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I know exactly what you’re thinking… ‘Neo, what are these mysterious planes of motion you speak of? And why are they relevant to my pole training?’.

I thought you’d never ask!

If you’d rather watch than read, you can check out the video version of this entire blog post below.

But if you prefer to read than watch, onwards…

What are the 3 planes of motion?

Our incredible human bodies move in 3 principle planes of motion.

Firstly, the sagittal plane – this is where flexion and extension movements directly out in front and behind us occur. For example: lunges, bicep curls and shoulder extension.

Then we have the frontal plane – this is where lateral, adduction and abduction type movements take place out to the sides. For example: jumping jacks, lateral raises and side bending.

Finally, the transverse plane is where our rotational movements happen. For example: thoracic rotation and rotation of individual body parts like internal and external rotation of the arms.

When we pole dance, we move our bodies through all three of these planes of motion – usually ALL AT ONCE – because… well, we’re pole dancers – we like to be extra fancy at every opportunity, of course!

What do these planes of motion look like on the pole?

Let’s take a look at the pole dance ballerina trick as an example…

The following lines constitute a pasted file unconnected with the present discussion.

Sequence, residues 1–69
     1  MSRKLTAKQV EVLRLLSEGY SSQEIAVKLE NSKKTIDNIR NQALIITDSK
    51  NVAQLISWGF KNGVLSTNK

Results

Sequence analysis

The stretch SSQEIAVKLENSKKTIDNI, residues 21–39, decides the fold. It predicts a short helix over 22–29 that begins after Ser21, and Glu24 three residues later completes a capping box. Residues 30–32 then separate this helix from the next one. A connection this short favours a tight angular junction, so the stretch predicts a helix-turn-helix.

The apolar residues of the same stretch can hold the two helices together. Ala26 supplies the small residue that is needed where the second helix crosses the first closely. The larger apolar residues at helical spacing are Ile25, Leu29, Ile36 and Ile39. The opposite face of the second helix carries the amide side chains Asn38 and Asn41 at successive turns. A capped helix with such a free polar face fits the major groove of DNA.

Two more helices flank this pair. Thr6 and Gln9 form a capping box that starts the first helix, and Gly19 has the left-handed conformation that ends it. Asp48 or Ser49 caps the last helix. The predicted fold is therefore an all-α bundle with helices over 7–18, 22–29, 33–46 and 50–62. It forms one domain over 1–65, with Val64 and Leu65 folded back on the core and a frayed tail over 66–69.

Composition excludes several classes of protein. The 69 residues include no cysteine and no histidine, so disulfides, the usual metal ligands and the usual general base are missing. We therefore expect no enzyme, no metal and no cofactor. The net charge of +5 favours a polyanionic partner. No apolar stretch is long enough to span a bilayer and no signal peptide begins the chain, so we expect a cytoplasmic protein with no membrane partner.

The back leg and arm are both in extension behind us – this movement takes place in the sagittal plane along with the spinal extension of the back bend.

The front leg and arm are both abducted out to the side in the frontal plane.

Thoracic rotation (that puts the uncomfortable twisty element into this ballerina) is in the transverse plane along with the external rotation of the front leg.

Why are planes of motion important for our pole dance training?

Considering these planes of motion is useful when programming exercises for pole dancers, because the training that we do OFF the pole should reflect what we need to do ON the pole.

As pole dancers, we need to be strong through all three planes of movement, so once we’ve mastered the basics of pushing, pulling, squatting and hinging, taking our ‘off the pole’ exercises outside the traditional ‘gym-based’ sagittal plane is a really good way to prepare our bodies for the demands of pole.

For example, once you’ve got your horizontal pulling in the sagittal plane really strong, adding some rotation to that, in the transverse plane, will help to make it more pole-specific.

Sagittal plane horizontal pull:

Sagittal plane pull with added rotation in the transverse plane:

If you wanna geek out more on how to create training programmes for pole dancers, you’ll love my book – Strength and Conditioning for Pole – which is available now in papercopy or ebook format.

Strength and conditioning book pole dance

Exercises and information on this website is provided for educational purposes only. It is not a substitute for professional medical advice. You should consult your Doctor or health care professional before doing any exercises or fitness programs to determine if they are right for your needs.

 

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